All hell broke loose when Mr. Black Barry was struck by a cup of herbal tea that left a noticeable stain on the vintage corduroy "sport coat of poets and adjunct professors" he has worn with pride since purchasing it for a dollar last September at a swap meet in North Portland. "I hope you're ready to meet Jesus," the poet howled and launched his scrawny frame into the fray, sprinting past the woman built like a fire hydrant who actually threw the cup of herbal tea and hurling himself upon a lissome, blonde Reed College sophomore who was not even an animal rightster. Her cute self was just standing there. The poet flailed wildly at public-spirited individuals who came to her aid and pulled him away. Fortunately, Mr. Black Barry punches like a little kid and no one was injured.
The furious animal rightsters unleashed a fresh barrage of tofu, seaweed, and Marlboros. When Horn Dog Buck stepped forward with the intent of being a peacemaker and reining in the out-of-control Mr. Black Barry, now running amok in the center of the room, the woman built like a fire hydrant taunted him, "Bring it on, Corn Dog." Incensed by this deliberate and not especially clever parody of his name and, possibly, slur on his manhood, Horn Dog leaped forward to pound her about the head and shoulders with a sock filled with an undetermined but definitely icky substance. Toward the back of the room, Ian Cain, wearing the sweater he has not removed in three and a half years and a sardonic smile, was heard to mumble, almost coherently, "That's what comes of reading Bukowski," as he picked a Marlboro up off the floor and stepped outside for a smoke.
"Make them stop," someone cried out to the lovely Amelia Kelly, perched back by the espresso machine. The lovely Amelia Kelly responded, "Why would I make them stop? This is the most fun I've had on Tuesday night in years."
Like a fool I stepped forth, as if a cool head might have a shot at prevailing, but I felt I ought to do something. It was my misfortune that I wore leather clogs that night instead of the customary old running shoes. Next thing I knew, I'd been knocked off my feet, the leather shoes had been violently removed, and animal rightsters were thrashing me about the head and shoulders with them. "Have I not rights?" I cried, somehow getting to my feet and beating a hasty retreat. "Am I not an animal too?" My antagonists, failing to grasp the metaphysical implications of the question, or maybe they just took it to be rhetorical, caressed the shoes while chanting incantations of gibberish as if this might somehow induce a dead cow back to life.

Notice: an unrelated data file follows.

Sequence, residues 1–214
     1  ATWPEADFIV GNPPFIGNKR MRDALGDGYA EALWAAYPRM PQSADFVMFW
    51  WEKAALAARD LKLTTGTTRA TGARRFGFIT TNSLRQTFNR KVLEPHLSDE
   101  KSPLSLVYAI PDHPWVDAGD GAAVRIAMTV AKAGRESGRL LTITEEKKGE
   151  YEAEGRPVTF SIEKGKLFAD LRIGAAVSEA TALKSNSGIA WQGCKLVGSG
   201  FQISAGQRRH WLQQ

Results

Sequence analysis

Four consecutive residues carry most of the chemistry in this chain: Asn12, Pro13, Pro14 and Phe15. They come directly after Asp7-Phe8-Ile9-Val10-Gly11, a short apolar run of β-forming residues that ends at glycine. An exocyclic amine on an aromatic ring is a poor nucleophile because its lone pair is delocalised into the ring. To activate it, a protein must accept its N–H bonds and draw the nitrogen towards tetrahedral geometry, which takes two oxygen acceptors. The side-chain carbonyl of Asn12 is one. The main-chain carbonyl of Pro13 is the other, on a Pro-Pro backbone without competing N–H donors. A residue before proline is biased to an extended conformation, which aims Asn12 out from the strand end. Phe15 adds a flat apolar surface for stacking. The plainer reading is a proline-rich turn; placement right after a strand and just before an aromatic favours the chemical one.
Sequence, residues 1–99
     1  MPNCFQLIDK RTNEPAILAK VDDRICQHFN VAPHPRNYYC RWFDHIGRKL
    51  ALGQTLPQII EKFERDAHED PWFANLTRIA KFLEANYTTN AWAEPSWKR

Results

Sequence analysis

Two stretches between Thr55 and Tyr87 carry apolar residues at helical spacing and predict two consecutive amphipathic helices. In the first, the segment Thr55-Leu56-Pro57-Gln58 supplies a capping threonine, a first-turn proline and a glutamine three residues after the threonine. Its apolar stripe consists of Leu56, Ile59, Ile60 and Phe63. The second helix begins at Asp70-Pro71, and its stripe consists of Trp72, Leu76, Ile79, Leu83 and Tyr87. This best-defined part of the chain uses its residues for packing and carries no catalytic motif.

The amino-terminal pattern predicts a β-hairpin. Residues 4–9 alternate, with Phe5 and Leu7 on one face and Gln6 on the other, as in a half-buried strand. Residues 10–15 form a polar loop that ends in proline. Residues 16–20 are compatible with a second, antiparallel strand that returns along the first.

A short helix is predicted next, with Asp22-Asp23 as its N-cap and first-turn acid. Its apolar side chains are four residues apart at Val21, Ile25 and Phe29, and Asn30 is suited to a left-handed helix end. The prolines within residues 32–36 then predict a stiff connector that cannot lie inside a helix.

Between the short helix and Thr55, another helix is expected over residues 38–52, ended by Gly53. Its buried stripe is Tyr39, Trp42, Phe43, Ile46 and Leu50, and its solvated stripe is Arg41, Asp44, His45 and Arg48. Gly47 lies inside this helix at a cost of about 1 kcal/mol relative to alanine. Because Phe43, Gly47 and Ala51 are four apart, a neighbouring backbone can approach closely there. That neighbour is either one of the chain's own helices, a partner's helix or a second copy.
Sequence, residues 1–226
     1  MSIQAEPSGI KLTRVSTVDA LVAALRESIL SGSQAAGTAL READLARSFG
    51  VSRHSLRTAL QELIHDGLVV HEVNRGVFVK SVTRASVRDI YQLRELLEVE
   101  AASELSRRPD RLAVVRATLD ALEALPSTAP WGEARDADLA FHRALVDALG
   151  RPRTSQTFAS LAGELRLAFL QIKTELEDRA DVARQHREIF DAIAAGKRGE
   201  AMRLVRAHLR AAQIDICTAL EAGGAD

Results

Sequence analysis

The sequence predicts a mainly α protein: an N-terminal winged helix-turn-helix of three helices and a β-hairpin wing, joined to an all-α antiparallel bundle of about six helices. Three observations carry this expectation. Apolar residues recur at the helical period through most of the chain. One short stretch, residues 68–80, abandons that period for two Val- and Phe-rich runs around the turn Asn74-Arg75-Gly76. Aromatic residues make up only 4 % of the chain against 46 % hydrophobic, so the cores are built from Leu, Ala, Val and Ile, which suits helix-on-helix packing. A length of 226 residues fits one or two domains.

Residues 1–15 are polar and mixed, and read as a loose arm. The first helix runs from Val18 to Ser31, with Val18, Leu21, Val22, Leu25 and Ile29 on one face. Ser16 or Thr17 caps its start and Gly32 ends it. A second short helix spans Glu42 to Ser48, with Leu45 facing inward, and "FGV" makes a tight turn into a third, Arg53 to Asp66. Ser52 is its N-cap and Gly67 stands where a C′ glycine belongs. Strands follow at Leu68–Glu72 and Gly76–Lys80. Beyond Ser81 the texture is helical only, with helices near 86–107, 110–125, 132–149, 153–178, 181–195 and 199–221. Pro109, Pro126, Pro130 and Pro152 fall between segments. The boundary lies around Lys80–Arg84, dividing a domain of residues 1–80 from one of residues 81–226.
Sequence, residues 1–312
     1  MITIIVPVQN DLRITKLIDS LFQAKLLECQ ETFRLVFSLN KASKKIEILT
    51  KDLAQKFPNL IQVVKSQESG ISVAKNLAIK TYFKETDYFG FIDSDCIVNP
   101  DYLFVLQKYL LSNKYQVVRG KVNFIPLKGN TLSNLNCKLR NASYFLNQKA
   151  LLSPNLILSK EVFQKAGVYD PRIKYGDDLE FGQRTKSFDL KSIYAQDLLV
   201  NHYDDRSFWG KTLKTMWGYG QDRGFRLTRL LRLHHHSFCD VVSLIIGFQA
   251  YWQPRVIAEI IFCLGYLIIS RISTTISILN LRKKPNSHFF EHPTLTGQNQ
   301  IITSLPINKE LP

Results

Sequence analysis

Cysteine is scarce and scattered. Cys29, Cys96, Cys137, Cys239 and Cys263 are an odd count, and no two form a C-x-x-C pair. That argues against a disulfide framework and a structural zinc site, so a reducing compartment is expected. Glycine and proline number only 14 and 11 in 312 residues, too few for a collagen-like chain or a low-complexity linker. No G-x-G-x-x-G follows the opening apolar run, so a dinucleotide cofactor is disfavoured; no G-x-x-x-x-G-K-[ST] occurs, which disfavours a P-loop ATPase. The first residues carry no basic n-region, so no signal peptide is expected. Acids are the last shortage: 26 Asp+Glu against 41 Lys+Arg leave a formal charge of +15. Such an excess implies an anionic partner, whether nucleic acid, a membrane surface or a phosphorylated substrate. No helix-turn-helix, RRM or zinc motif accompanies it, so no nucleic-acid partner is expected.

Some good citizen must have dialed 9-1-1, or maybe it's just the authorities have the place under surveillance since Bashir the owner inaugurated those Bush Sundays to raise money for the Democratic candidate for president, because the cops showed up, three on motorcycle, two patrol cars, and one uniform pounding it down from Belmont clutching a half-eaten donut. They were booed and hissed and pelted with Marlboros by poets and animal rightsters alike. The scene could have gotten really ugly had not most of the poets been too busy taking notes for the epic poems they intended to write about it to join in the fracas.
Somehow the animal rightsters melted into the night. The Reed College girl declined to press charges. She gave Lucas Black Barry her phone number and asked if he'd like to look at her poems. It turned out she was turned on by his William Burroughs voice. If only he had a phone. The cops did not know what to make of Horn Dog Buck. They cut him loose because it was easier than trying to figure him out. I was the only one charged. Impersonating a grownup. Lucky for me, it's a misdemeanor.